Chase Bank (798 Manhattan Ave) caught on fire this morning (June 21) and is temporarily closed. It should be back up and running tomorrow, according to a Chase employee who was at the scene. In the meantime, the ATM outside is still working.
It looks like the fire was contained to the area around the Chase sign and no one was hurt.
If you’ve noticed a treacherous traffic signal or wished for the addition of a particular crosswalk on the streets of Greenpoint or North Williamsburg, now’s your chance to speak up. In the ongoing North Williamsburg Transportation Study, the New York City Department of Transportation (DOT) is surveying the portion of Brooklyn Community District #1 that stretches north of Broadway and Flushing Avenue between Newtown Creek and the East River to boost both safety and convenience for commuters. The initiative is a response to complaints and transportation hitches as the hot neighborhood grows increasingly crowded with architectural developments and thronged with both inhabitants and visitors.
Writing for Grenepointers.com, I receive a ton of emails, but recently one caught my eye with the subject: BROOKLYN BUTTONS #1: Greenpoint Avenue.
The email was very short and cryptic, basically saying they made these diecast pins and wanted to know how many I wanted. I followed up asking for a quick chat over the phone and someone from BKButtons called me but now I’m even more confused? Continue reading →
Now that the mayor’s office has made a formal offer, Greenpoint and Williamsburg residents must wait and see how the city will move forward with its efforts to make good on the 28-acre park the city promised in 2005. That’s assuming the owners don’t ultimately accept the offer, which is good for 60 days.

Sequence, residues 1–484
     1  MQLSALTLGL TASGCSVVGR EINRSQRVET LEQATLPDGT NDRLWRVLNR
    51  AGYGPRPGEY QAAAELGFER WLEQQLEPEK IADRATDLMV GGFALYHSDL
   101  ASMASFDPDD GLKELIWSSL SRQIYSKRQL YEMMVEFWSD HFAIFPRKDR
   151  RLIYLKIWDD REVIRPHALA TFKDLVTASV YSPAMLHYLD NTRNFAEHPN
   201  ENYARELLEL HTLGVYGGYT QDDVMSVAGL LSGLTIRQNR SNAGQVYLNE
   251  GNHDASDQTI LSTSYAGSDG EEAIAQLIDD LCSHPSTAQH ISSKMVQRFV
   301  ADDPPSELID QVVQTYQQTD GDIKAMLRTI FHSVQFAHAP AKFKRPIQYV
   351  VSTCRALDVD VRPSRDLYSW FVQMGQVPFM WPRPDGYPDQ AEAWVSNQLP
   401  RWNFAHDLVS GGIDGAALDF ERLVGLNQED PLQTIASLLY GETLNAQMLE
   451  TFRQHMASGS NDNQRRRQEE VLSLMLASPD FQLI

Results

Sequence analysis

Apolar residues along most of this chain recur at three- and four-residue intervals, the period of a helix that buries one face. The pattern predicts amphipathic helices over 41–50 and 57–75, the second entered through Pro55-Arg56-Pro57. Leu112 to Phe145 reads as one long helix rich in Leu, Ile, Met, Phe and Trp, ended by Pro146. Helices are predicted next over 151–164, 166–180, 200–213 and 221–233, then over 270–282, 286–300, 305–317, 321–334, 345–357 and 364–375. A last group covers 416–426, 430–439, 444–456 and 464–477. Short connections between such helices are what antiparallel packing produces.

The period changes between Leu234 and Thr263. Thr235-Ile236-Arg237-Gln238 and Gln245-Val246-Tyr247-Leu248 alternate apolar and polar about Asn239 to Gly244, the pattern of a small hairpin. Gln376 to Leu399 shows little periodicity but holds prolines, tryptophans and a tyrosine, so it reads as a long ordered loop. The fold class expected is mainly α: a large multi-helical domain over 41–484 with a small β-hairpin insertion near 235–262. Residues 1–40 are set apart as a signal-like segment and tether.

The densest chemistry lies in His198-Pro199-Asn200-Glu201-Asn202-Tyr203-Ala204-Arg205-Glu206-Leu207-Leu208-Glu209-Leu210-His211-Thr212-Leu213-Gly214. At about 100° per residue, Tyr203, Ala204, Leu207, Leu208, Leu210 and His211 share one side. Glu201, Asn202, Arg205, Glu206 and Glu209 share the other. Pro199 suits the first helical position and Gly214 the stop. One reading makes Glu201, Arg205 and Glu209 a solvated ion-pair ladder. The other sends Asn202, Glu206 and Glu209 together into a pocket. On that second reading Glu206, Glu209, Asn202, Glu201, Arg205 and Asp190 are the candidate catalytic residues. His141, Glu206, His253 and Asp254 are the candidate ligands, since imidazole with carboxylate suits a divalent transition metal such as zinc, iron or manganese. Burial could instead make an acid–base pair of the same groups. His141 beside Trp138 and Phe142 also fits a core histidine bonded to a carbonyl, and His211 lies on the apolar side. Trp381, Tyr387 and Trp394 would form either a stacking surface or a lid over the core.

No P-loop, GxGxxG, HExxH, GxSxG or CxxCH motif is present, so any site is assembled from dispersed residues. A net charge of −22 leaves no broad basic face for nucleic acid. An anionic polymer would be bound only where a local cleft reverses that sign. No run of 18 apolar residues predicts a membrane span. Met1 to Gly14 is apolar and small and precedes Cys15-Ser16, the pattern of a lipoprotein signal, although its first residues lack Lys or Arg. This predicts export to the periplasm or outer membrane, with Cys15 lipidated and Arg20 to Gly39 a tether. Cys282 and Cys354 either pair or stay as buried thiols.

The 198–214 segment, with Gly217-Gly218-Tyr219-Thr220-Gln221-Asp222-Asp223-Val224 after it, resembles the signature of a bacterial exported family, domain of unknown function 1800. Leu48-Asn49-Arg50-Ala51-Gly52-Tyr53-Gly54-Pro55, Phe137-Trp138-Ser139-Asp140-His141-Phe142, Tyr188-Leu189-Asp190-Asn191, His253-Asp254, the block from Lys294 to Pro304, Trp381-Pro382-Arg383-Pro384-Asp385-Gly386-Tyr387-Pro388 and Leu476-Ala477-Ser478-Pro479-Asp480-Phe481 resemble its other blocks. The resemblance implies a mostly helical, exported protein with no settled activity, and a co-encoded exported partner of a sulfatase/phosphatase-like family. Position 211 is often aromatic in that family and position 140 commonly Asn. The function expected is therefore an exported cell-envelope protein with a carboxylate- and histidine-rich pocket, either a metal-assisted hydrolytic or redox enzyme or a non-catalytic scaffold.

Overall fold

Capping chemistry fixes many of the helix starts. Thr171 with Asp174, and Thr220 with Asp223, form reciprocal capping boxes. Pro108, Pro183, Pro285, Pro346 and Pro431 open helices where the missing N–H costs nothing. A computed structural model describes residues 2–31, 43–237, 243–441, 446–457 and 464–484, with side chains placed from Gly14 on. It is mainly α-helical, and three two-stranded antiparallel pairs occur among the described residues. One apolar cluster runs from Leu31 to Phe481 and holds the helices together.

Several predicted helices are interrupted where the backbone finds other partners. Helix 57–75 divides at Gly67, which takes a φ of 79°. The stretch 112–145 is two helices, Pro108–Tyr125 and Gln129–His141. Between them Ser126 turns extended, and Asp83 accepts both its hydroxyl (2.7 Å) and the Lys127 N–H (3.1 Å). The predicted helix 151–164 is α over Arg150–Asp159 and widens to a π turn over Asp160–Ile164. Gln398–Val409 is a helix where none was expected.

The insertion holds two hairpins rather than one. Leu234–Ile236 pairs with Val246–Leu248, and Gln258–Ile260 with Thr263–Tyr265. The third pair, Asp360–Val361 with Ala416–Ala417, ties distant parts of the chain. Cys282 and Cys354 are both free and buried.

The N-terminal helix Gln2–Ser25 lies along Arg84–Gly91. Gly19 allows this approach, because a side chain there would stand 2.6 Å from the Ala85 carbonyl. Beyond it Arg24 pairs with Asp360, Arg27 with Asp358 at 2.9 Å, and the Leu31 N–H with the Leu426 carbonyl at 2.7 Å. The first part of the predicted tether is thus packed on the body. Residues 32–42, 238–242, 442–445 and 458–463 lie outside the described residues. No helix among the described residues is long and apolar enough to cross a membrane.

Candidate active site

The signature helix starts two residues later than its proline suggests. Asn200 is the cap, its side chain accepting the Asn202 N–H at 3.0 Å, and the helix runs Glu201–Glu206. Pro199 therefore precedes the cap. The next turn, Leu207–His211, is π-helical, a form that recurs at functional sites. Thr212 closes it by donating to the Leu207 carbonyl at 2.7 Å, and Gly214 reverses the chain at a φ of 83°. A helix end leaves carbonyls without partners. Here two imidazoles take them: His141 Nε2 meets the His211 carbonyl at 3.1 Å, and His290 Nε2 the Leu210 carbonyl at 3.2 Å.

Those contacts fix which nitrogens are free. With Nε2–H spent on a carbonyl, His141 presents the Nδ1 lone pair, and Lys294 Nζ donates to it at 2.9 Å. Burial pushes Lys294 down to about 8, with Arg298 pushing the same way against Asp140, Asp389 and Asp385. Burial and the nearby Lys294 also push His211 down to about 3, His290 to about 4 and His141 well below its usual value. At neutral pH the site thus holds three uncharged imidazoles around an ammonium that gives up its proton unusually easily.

According to Friends of Bushwick Inlet Park, Brodsky has hired Paul Massey of Cushman and Wakefield, who claims the city’s offer is just one of many bids on the table.
While we don’t currently know who else is looking to acquire the CitiStorage property, we do know that the land might not even be worth the $100 million the city offered. According to Massey, the parcel, which is 6.75 acres, is worth $325 million. This is about $540 per square foot. De Blasio’s offer values the land at approximately $166 per square foot.
In a June 10 press release, Friends of Bushwick Inlet Park broke down the value of the space, explaining that the city’s 2009 purchase of a parcel of the park during a condemnation proceeding triggered the implementation of “The Miller Doctrine,” which originates from a 1943 Supreme Court case and states that “a property owner in a condemnation proceeding cannot profit from any increase in value to lands surrounding the condemned property.” Meaning: what the city paid for that parcel should be the base for what it pays for the remaining parcels to create the entire park—including the CitiStorage property.
When Mayor de Blasio cut off residential zoning earlier this year, they actually closed off a potential escape hatch in the Doctrine that states a property can be valued at a higher zoning designation within a certain amount of time—in this case, about 3-5 years.